However, it is the above-mentioned ideological implications, coupled with extreme shortages in the most isolated country in the world that gave the Albanian case its own unique tonality. It is precisely these implications that Dani addresses in his project. Using a  simple element  which consist of choosing his body length as a standard, he challenges us to a reflection over the complicated relation between human body and architecture, spanning through millennia – from the times of Vitruvius to today. By photographing himself against the entrances to these standardized buildings the artist highlights the existence of a glitch in the functioning of a system that pretended it built by and for the people. His body seems totally squeezed by the square, low frame of the entrances of each of the dwellings. His head literally touches the ceiling of the entrance and it’s difficult to understand how such construction was even planned. Indeed, standardization in Albania was not simply a feat to be implemented in industrial production. The communist regime loudly propagated the engineering of the New Man as the biggest achievement of Albanian socialism – or whatever it was in reality. By declaring religion era dicated from the country in mid-sixties (XX century), the Albanian ruling communist dictatorship replaced God, and even claimed to have created the New Man of Socialism - a new species that was uniform and standardized in looks as well as in thoughts, but mostof all in its social and moral codes. Therefore, in a similar move to Vitruvian thought, replicated by Italian Renaissance, the communist authorities pretended to place at the center the such so-called New Man of socialism). However, while Vitruvius claimed that the center of the center was to be found inside the human body (the navel), the rulers of Albania had clearly decided that the center of the center had to be located outside the body – namely in the ideology. By doing that they were abusing with their power to consolidate the grip over the whole collective body of the society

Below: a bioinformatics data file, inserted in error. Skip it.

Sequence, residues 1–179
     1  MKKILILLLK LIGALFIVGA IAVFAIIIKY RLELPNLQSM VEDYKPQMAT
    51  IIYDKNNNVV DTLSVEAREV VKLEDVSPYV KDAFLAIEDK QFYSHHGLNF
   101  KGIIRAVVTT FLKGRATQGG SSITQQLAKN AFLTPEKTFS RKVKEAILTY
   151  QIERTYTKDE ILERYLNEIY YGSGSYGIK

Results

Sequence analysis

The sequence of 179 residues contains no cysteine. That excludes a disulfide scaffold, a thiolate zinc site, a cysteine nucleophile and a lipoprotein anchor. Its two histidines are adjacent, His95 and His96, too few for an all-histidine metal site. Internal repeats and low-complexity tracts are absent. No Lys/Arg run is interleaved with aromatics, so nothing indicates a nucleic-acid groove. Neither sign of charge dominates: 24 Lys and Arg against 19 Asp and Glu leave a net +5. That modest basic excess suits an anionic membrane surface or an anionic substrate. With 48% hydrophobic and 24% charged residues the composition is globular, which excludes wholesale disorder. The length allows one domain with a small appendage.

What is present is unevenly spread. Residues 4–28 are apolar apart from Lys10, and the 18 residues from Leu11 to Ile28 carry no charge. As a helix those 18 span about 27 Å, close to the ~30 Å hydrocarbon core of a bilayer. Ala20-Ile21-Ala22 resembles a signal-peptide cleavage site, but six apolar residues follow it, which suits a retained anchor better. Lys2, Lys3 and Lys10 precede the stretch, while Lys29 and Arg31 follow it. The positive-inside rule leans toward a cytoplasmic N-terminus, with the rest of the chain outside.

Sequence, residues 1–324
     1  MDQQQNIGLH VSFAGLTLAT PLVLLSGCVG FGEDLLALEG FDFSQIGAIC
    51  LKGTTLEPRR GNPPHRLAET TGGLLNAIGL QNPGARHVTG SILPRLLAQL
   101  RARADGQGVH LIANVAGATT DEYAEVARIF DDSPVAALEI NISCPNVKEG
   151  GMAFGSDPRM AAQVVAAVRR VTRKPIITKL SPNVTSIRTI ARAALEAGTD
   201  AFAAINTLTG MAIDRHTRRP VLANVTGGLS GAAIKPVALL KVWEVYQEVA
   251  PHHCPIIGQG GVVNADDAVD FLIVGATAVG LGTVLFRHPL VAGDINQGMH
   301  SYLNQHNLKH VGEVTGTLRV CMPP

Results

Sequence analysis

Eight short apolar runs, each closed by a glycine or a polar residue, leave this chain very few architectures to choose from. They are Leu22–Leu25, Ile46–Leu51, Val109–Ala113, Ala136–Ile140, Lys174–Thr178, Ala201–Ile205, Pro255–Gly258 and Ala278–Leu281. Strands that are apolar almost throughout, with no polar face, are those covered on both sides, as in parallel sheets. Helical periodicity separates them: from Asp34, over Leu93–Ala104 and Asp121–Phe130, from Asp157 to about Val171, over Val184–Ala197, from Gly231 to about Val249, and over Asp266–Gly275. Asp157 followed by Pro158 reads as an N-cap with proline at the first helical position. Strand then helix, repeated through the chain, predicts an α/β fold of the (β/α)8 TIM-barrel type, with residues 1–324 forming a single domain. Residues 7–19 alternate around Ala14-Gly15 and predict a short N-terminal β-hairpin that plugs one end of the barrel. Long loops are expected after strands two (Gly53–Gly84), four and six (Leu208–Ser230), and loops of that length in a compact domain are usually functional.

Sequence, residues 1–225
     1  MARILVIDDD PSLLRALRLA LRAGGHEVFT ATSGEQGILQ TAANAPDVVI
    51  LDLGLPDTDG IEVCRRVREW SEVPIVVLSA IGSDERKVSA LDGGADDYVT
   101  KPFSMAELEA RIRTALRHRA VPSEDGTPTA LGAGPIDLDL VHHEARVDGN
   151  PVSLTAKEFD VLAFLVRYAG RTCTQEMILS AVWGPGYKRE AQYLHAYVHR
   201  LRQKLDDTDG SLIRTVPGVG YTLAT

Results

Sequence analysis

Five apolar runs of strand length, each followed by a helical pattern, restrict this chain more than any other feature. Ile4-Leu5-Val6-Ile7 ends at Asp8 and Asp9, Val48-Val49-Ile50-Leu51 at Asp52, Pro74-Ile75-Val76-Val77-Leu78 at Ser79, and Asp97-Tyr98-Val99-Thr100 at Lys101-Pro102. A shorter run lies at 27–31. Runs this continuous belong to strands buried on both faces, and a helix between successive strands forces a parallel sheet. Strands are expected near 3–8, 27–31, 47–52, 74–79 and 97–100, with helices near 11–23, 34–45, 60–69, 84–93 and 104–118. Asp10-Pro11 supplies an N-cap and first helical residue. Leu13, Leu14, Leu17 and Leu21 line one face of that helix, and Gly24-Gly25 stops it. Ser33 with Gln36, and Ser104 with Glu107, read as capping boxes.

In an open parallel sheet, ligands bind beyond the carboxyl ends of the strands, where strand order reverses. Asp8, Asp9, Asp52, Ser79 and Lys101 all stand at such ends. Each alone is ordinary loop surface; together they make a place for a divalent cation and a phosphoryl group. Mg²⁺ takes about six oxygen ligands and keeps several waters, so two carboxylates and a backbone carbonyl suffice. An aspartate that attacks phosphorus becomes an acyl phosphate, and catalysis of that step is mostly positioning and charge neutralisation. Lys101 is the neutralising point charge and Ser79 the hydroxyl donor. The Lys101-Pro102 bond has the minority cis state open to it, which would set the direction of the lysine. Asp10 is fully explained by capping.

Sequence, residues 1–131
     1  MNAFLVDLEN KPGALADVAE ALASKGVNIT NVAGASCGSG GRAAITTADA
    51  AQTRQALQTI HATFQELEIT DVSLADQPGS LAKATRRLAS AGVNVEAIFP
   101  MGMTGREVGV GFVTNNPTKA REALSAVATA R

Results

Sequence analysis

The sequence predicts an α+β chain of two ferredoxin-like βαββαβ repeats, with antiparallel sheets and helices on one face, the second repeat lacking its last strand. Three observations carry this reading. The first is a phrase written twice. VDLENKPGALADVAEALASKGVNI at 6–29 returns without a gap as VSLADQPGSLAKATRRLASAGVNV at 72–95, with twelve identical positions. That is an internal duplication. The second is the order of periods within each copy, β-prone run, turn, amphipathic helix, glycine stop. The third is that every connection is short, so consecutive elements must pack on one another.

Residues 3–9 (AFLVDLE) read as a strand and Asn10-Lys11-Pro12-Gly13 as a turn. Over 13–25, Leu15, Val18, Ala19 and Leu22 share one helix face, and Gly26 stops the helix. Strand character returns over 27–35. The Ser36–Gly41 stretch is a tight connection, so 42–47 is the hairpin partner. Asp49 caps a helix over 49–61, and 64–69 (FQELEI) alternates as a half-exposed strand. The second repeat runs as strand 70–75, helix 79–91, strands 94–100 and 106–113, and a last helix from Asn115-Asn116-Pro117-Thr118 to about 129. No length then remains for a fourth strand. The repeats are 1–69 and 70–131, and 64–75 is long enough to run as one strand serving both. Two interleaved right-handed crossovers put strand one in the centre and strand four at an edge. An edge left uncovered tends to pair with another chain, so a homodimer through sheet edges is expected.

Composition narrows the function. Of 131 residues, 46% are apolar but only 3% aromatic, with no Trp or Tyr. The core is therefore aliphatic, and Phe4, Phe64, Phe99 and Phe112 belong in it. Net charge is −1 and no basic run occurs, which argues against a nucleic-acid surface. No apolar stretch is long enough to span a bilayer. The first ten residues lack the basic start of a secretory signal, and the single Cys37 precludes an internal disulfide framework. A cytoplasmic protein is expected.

It is from here we can maybe start to speculate on the incomprehensible dimensions we encounter in Endri Dani’s photo series 182 cm. The visible disproportions hint at this displacement of centrality. It’s still difficult to comprehend why these buildings entrances were made so low, while the rest of the floors had normal height. It’s as if someone was after a collective gesture of bowing-in-reverence, as if the threshold of the entrance to these buildings was indeed a metaphor for being reborn on the other side, into the habitat of the New Man  of Albanian socialism. Dani photographs himself in a disarmingly peaceful position, with his arms hanging low. His 182 cm body frame would lead one to think that he’s visiting the land of some alien, small-people race that has hastily built habitats on earth. At other moments, he seems to offer himself as an out of place decoration or ornamentation to the structure. And at other instants yet, it seems as if the entire weight of the building and its history is resting on his head and shoulders.